The 25-year old’s rare blend of swagger, soulfulness and storytelling - reminiscent in several ways of Jay-Z - have him set for even greater international success, and he can already count Coldplay’s Chris Martin and close friends Ed Sheeran and Adele among his many admirers.
Following the release of "Gang Signs" and "Prayer", his award-winning, platinum-selling debut album, Stormzy may no longer be stepping between the street and the sermon, but he’s still walking between two worlds: that of the celebrity and of the Everyman. His desire to stay grounded is evident; as his career continues to soar, he seems more and more determined to help others reach new heights of their own.
From his arrival on the mic, Stormzy has always seemed more than a mere MC; it’s therefore fitting that, these days, he’s also a publisher, philanthropist and budding cultural icon. In 2019, he has become a cover star for both ELLE Magazine - for which cover he also curated a photoshoot of young British stars in the fields of art, sport and fashion - and TIME Magazine, who profiled him as one of its 'next generation leaders'. He has founded Stormzy Scholarship, which funds the study of four black students at Cambridge University, and which is now in its second year of grantmaking. On a similar tack, he has collaborated with Penguin Random House UK to create Merky Books, an imprint which champions the work of black writers, and whose Writers’ Prize looks for the best authors of the next generation. Merky Books has just announced its latest round of titles, a blend of established stars such as Malorie Blackman and exciting newcomers like Derek Owusu.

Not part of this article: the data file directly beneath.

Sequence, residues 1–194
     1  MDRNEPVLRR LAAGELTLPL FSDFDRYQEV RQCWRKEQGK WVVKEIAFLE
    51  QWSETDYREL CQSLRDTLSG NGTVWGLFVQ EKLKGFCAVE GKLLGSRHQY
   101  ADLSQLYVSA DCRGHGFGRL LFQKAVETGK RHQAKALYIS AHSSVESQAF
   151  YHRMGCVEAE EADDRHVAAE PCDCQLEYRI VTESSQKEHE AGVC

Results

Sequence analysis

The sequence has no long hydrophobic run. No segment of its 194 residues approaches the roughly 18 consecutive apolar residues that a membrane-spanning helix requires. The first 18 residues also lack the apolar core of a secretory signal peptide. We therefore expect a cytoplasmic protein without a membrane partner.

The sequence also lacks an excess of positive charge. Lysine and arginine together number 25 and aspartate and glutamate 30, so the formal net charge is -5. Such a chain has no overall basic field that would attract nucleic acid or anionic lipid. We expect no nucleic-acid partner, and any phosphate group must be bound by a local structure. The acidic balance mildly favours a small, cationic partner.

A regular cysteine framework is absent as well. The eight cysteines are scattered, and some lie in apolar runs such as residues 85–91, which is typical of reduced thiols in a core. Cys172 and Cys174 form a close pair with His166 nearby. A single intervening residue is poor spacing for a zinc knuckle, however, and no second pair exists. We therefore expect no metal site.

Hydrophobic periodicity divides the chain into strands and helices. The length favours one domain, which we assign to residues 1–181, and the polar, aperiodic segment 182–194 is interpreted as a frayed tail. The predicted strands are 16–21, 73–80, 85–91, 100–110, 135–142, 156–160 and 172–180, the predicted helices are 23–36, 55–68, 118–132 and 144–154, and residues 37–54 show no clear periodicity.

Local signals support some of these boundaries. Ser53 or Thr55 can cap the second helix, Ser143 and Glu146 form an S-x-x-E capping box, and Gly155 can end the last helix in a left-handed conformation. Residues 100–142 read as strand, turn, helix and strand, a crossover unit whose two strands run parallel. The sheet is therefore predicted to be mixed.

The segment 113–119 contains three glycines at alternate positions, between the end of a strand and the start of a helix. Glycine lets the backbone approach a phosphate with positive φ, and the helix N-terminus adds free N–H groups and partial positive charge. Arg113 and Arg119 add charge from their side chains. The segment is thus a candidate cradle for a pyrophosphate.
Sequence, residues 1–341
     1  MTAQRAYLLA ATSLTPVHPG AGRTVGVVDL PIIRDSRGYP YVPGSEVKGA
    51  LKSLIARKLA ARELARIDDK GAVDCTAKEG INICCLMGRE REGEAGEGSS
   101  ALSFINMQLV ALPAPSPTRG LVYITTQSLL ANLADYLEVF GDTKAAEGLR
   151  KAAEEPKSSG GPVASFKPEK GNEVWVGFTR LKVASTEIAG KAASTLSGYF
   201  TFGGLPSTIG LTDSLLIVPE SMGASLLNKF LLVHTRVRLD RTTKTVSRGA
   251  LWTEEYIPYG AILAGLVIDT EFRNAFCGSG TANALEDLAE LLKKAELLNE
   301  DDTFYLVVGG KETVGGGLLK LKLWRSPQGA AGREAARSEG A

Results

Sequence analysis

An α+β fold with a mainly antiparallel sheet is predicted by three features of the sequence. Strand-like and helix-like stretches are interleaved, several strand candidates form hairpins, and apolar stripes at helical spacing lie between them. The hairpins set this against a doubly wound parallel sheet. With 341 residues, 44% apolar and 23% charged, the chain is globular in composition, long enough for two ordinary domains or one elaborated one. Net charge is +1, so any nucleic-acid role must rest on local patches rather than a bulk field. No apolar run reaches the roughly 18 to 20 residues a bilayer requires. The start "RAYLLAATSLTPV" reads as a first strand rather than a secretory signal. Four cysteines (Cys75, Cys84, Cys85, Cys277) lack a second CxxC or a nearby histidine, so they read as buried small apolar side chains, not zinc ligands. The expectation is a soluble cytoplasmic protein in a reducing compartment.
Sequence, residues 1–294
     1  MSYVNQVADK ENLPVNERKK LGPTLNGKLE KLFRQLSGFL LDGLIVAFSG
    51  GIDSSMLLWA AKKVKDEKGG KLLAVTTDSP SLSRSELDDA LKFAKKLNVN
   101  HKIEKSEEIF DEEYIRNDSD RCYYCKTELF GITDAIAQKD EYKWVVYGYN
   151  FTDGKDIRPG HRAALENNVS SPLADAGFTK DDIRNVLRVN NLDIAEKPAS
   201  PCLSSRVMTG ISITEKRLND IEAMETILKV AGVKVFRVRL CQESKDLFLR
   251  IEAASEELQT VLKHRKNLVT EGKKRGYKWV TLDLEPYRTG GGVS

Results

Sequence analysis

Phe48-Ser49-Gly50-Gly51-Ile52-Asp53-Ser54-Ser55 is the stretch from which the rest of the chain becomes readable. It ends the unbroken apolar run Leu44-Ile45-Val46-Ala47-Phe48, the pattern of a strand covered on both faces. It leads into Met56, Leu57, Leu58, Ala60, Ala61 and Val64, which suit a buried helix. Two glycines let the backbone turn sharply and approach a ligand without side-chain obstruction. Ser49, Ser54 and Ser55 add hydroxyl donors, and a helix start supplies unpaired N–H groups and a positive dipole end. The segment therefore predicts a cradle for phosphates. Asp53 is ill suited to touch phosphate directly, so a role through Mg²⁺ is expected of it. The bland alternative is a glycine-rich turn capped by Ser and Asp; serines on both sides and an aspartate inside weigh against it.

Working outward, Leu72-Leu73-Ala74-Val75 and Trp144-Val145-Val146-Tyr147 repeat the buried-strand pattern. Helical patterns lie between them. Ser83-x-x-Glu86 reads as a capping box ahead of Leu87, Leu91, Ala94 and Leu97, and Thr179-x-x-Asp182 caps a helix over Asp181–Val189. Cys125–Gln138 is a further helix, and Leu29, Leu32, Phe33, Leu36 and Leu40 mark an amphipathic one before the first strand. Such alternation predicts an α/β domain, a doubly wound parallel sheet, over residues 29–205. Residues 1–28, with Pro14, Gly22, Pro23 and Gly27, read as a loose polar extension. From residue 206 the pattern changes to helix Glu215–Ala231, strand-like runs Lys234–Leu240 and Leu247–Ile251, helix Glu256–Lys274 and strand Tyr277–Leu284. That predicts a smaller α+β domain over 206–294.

With no limit to where his career on or off stage can go next, there’s one theme to which Stormzy keeps returning: that of authenticity, the guiding theme of his new album. 'If you’re scared of your truth', he explains, 'that’s when people don’t know where you’re coming from. And I’m not scared of my truth, at all.'